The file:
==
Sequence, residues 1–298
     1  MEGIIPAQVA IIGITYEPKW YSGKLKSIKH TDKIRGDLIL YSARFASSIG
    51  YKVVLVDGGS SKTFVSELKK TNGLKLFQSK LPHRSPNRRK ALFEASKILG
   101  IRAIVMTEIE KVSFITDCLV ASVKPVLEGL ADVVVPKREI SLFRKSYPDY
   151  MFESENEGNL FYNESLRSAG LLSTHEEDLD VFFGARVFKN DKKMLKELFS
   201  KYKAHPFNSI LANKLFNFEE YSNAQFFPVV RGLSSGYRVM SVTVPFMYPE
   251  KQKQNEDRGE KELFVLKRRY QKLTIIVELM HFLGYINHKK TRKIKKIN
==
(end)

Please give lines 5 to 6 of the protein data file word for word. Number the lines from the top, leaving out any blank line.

   151  MFESENEGNL FYNESLRSAG LLSTHEEDLD VFFGARVFKN DKKMLKELFS
   201  KYKAHPFNSI LANKLFNFEE YSNAQFFPVV RGLSSGYRVM SVTVPFMYPE